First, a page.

Toronto Maple Leafs’ tenacious ‘pest’ provokes rivals

 

 
 
 
 
Toronto Maple Leafs goaltender James Reimer makes a save on New Jersey Devils left winger Steve Sullivan (right) during first period NHL action in Toronto on Monday April 15, 2013.
 

Toronto Maple Leafs goaltender James Reimer makes a save on New Jersey Devils left winger Steve Sullivan (right) during first period NHL action in Toronto on Monday April 15, 2013.

Photograph by: THE CANADIAN PRESS/Frank Gunn, Canada.com

TORONTO — There is a four-letter word that immediately springs to mind whenever Leo Komarov throws a hit on an unsuspecting opponent, but it is not necessarily the one of which you might be thinking.

Pest.

It is a label that has stuck with the Toronto Maple Leafs forward throughout his career, whether he was annoying the opposition in Finland, Russia, the American Hockey League or the NHL. For Komarov, it comes with the territory. The world-class irritant and shift-disturber headed into Monday night’s 2-0 win against the New Jersey Devils ranked sixth in the league with 144 hits.

But while Komarov plays a relentlessly physical style that often tiptoes the line of good taste, it might be unfair to lump him in with the Matt Cookes, Patrick Kaletas and Steve Otts of the league. Komarov doesn’t trash talk as much as teammate Nazem Kadri, has fewer penalties than Phil Kessel and has yet to be suspended for a questionable offence.

No question he is a pain to play against. But perhaps the most irritating thing is he does it within the confines of the rule book.

“I just try to do my job,” said Komarov, who has three goals and seven points this season. “I read about it, like I’m a pest or something like that, but I don’t see it like that. I’m just trying to win the game for the team. This is my style. Yeah, I want to score 50 goals but it’s not easy out there.”

It is also not easy to do what Komarov does. At five-foot-10 and 187 pounds, he is one of the smaller forwards on the team and has already missed six games with an upper-body injury.

Against New Jersey, he delivered eight hits. But he was calculated in picking his spots. For most of the game, Komarov followed Patrik Elias around the ice, needling him with hits and the odd swipe with the stick in an attempt to throw the Devils’ leading scorer off his game.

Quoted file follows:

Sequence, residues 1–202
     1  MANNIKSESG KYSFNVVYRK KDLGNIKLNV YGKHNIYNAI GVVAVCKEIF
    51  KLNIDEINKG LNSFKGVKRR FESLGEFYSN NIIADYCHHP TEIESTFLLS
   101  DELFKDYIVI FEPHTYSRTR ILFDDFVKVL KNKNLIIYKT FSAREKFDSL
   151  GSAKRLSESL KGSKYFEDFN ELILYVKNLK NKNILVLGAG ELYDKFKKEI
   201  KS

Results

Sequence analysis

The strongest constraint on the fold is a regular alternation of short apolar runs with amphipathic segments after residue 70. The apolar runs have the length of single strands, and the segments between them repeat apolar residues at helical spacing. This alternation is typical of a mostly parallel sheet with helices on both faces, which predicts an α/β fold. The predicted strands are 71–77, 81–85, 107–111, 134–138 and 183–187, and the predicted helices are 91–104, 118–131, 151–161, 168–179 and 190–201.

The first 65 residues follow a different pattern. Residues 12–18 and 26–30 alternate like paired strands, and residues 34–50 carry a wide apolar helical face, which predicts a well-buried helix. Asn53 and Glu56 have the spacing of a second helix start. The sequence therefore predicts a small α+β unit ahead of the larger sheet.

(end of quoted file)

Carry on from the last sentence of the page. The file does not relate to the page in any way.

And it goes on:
That is the role Komarov plays. He hits, crashes the net, draws penalties (according to BehindTheNet.ca, a website that tracks advanced statistics, and was drawing one penalty for every 60 minutes he is on the ice.

It is a necessary role for a team that set out with the mandate of being tougher to play against.

What he does not do is fight.

Komarov, who fought twice in the American Hockey League this season — “More like hugging,” he said of the tussles — estimates he has engaged in seven fights during his entire career.

“I’m a little boy out there,” he said. “We have fighters out there if they want to fight.”

Having Colton Orr and Frazer McLaren on the team has allowed Komarov to do what he does with impunity. It is like this throughout the lineup. While most of this year’s success can be attributed to James Reimer‘s consistency in net and the emergence of Kadri, the clearly defined roles of the team’s lesser lights have been equally important.

Orr and McLaren are there for protection purposes. Jay McClement is there to kill penalties. Tyler Bozak is there to win faceoffs.

Komarov’s role is to play the pest, even if he does not much care for the name.

“Pest is a pretty hard word to use,” he said. “You can call me whatever you want. It’s up to you guys. But it’s like, ‘My name is Leo and I’m a hockey player.’”

* * *

For the 32nd time this season, the Leafs were outshot. And for the 19th time, they still won.

The reason? James Reimer, who stopped 31 shots for his third shutout of the season and was named the game’s first star.

Reimer, who has one loss in the last 13 games, keeps proving he’s capable of being the No. 1 goalie. His sprawling save on Adam Henrique midway through the third period had fans chanting “Rei-mer!” and less than a minute later he robbed Patrik Elias on a one-timer that even stunned Elias, who temporarily raised his stick in celebration.

* * *

Phil Kessel is finding the perfect time to heat up. After going nine games without a goal, the Leafs sniper scored the game-winner against the Devils to extend his scoring streak to four games.

With the Leafs on the power play and less than seven minutes remaining in the third period, Kessel fired a wrist shot through traffic that broke a scoreless deadlock. It was the sixth goal and eighth point in the last four games for Kessel, who was named the NHL’s second star of the week on Monday.

Jay McClement scored an empty-net goal to make it 2-0.

* * *

Carl Gunnarsson missed Monday night’s game with a lower-body injury. The Leafs defenceman, who was out of the lineup for eight games in February with a hip problem, was replaced on the top pairing by Jake Gardiner.

 
 
 
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Toronto Maple Leafs goaltender James Reimer makes a save on New Jersey Devils left winger Steve Sullivan (right) during first period NHL action in Toronto on Monday April 15, 2013.
 

Toronto Maple Leafs goaltender James Reimer makes a save on New Jersey Devils left winger Steve Sullivan (right) during first period NHL action in Toronto on Monday April 15, 2013.

Photograph by: THE CANADIAN PRESS/Frank Gunn, Canada.com

 
 
 
 
 
 
 
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